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Made Here

Filmmaking couple premieres new documentary about their hometown of Strafford, New Hampshire

The latest Made Here premiere takes us to the small town of Strafford, New Hampshire. In Strafford: Portrait of a Town, filmmakers Katy Cecchetti and Kevin Corcoran explore the town they grew up in.

In the film we meet the people who live and work in this small New England town, as they reflect on its history and look to its uncertain future in anticipation of their bicentennial celebration in 2020.

Katy Cecchetti and Kevin Corcoran, the directors of Strafford: Portrait of a Town
Photo by Nancy Hoffman
Katy Cecchetti and Kevin Corcoran, the directors of Strafford: Portrait of a Town

Filmmaker Kevin Corcoran answered questions via email with Vermont Public's Eric Ford. This interview has been lightly copy edited.

Eric Ford: How did you meet? 

Kevin Corcoran: We actually both grew up in Strafford, but didn’t meet until we were both working at the same ad agency in New York City about a decade ago. We had gone to different schools and had a couple years' age difference between us, so somehow had managed to never meet when we were growing up. We like to joke that we’re a statistical anomaly. It was obvious from the moment we met that we were on the same wavelength, so became fast friends and eventually creative partners.

Eric Ford: Why did you decide to make a film about Strafford?

Kevin Corcoran: We both came from a background in video editing and advertising, but had other creative aspirations and had always talked about doing a film together. We both like documentary and wanted to explore the sort of subtler emotional storytelling that is hard to get out of a 30-second ad. While still living in Brooklyn we’d often come visit family in Strafford and had started playing around with our cameras just filming around the town. We quickly became hooked on how beautiful the footage of the local landscapes came out, and started wondering how we could build a larger project out of it. Around that time we found out that the bicentennial celebration was coming up, so we decided to use that as a framing device to tell a broader story about the town’s history through interviews with some of its residents today.

Still from Strafford: Portrait of a Town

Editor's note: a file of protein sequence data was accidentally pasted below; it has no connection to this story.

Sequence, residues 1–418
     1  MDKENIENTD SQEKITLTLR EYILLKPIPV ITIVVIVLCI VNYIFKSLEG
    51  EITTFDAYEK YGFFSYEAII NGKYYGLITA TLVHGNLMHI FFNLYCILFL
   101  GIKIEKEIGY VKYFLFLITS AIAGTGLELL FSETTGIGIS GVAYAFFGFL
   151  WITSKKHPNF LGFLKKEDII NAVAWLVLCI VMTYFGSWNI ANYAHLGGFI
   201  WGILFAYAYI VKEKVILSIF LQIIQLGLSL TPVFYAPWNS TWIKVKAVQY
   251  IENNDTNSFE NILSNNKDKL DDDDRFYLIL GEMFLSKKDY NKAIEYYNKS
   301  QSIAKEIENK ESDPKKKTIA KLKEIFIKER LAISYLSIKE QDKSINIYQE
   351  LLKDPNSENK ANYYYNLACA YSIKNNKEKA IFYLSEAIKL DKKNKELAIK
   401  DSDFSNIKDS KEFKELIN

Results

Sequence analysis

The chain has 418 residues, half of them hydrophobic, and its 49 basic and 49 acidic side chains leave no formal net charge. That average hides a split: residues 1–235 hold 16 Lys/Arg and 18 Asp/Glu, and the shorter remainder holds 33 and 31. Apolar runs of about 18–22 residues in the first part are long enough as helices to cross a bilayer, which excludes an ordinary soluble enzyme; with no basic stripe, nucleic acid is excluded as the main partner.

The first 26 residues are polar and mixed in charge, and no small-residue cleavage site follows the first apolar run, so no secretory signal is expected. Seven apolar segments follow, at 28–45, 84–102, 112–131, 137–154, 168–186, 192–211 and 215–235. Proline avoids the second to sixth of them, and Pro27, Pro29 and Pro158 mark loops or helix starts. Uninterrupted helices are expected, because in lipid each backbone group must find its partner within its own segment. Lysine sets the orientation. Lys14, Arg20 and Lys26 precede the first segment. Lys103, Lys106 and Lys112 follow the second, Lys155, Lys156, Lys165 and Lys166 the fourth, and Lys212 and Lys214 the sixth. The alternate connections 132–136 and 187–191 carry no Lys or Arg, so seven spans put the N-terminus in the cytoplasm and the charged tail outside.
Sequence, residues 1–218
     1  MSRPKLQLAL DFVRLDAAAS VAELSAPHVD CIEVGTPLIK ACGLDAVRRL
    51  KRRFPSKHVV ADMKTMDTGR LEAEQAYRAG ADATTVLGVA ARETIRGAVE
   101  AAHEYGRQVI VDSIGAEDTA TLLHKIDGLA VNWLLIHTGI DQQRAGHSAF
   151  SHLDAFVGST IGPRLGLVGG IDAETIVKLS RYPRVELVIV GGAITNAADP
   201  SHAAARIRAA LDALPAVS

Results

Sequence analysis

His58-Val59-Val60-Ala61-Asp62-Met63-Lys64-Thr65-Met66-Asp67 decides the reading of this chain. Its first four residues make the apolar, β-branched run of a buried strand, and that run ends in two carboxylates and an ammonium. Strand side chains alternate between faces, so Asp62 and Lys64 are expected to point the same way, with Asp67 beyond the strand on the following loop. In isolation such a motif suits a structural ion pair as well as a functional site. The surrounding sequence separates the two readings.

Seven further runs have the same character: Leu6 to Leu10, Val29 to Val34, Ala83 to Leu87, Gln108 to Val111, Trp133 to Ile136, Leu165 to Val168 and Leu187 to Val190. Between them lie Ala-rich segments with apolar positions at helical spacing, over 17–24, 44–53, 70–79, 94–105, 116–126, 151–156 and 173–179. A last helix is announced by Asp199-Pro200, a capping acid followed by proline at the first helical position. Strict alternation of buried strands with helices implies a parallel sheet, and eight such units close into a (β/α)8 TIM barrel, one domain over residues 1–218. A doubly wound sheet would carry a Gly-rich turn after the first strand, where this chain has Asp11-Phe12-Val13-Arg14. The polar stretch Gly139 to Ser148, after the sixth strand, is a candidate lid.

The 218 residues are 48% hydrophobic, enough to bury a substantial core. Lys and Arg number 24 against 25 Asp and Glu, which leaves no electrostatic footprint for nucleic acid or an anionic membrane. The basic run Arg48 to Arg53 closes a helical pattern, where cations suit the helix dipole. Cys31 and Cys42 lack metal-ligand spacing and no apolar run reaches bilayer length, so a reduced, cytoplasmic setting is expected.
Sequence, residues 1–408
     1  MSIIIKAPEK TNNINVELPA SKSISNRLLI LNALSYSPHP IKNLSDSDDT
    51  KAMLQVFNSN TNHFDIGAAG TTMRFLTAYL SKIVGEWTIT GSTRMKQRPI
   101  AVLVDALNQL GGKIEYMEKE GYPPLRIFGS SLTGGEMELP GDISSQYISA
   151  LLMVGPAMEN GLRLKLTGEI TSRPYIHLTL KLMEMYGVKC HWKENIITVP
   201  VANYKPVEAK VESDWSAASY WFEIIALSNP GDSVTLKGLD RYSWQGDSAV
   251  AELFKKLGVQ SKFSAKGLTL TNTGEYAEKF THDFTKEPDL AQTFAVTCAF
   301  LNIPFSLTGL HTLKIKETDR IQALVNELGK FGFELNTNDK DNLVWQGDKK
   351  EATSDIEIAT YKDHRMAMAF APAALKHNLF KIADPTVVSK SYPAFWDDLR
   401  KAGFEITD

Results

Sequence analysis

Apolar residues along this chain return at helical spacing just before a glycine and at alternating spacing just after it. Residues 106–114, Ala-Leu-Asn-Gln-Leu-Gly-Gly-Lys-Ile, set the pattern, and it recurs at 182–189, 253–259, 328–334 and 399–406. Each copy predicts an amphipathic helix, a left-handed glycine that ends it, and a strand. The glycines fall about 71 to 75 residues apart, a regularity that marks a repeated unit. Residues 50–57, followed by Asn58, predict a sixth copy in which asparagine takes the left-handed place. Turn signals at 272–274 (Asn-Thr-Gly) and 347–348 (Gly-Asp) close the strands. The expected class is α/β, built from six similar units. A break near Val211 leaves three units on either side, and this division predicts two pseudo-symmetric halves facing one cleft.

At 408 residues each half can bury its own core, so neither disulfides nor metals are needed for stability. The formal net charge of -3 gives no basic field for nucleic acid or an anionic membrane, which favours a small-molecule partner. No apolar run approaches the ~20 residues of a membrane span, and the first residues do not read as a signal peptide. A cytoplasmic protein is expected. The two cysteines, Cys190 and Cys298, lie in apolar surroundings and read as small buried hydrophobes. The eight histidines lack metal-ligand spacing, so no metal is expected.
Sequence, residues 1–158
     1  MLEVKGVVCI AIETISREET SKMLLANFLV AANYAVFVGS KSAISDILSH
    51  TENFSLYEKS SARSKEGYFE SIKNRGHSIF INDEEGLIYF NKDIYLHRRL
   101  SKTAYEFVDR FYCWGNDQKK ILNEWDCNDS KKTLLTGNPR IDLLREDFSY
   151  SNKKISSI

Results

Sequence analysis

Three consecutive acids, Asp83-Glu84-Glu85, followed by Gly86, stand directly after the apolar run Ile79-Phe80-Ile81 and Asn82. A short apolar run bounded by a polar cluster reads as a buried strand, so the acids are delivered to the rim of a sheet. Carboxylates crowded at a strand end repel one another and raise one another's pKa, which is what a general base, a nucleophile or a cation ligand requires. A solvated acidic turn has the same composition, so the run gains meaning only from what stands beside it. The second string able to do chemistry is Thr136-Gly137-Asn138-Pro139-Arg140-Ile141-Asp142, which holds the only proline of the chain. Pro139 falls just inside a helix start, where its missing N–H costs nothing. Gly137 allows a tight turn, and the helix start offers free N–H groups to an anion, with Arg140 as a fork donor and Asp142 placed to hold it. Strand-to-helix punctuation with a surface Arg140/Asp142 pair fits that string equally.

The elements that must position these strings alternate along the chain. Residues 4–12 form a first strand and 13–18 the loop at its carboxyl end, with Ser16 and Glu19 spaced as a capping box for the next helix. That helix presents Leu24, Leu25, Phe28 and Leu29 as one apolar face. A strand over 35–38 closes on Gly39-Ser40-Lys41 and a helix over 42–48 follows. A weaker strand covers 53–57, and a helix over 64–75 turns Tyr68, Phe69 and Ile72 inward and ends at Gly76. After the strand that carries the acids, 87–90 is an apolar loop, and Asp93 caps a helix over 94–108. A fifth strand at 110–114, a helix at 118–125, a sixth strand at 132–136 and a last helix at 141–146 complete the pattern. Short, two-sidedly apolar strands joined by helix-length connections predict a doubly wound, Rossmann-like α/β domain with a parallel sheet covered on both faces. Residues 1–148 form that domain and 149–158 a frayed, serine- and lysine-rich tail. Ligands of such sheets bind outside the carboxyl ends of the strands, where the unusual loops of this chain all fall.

2019, Katy Cecchetti
Still from Strafford: Portrait of a Town

Eric Ford: What were some surprising things you learned about the town and the people while making the film?

Kevin Corcoran: It’s hard to overstate how much we learned about filmmaking and the town over the course of making this movie! We had both grown up in town but left to go away to school as teenagers, so much of our knowledge of the town history or information about its landmarks like Austin Hall or the Waldron Store was fuzzy at best. We didn’t really know what a Grange was, despite walking past it a thousand times as kids, or grasp the magnitude of the clear-cutting of the forest that happened in the earlier part of that region’s history and the impressive conservation efforts going on in the town today.

Most significantly, we didn’t really know any of the people we interviewed for the film before we got started. We knew of some of them by name from around town, but it wasn’t really until we started filming that we got to talk to all the folks in the movie. That was the biggest revelation in filming, since we were blown away by how welcoming and generous with their time and expertise everyone was. As we got going it became clear to us that they were the soul of the project.

Eric Ford: Any challenges that you had while making it?

Kevin Corcoran: The biggest challenge was handling the scope of it with our tiny micro-crew! This film was independent filmmaking in the extreme, with just the two of us running around town with our camera and sound equipment over the course of several years. Then we had to edit everything down to 90 minutes and find a story flow, write music for the picture, do the sound mix, etc.

Beyond that, though, one big hurdle came in 2020, when the pandemic struck, sending us and everyone else into lockdown. They canceled the bicentennial celebration, which was the only “plot point” that we were really banking on to conclude the film. On top of everything else going on that year, we were pulling our hair out trying to figure out how to wrap up filming on our 90% finished film! In the end we were able to incorporate that into the third act of the film and capture the big town parade when it was finally able to go ahead (one year late) in 2021. Ultimately we captured a piece of town history we couldn’t have planned for and hopefully the film is richer as a historical document for it.

Eric Ford: What are you working on now?

Kevin Corcoran: We’ve got a few new projects in the works, most notably a new documentary we’ve just started working on about Nancy 3 Hoffman and the Umbrella Cover Museum, which is located on Peak’s Island off the coast of Portland, ME. It is Guinness World Record certified as the largest collection of umbrella covers out there, with a story to go along with each of its over 2000 sleeves. But before we get too much further along with that, we’ve got to get married later this year!

"Strafford: Portrait of a Town" premieres on Vermont Public's main TV channel 8 p.m. on Thursday, February 29 and is available now on demand.

As Director of Content Partnership, Eric works with individuals and organizations to make connections leading to more Vermont stories. As Producer of the Made Here series, Eric partners with filmmakers from New England and Quebec to broadcast and stream local films. Find more info here: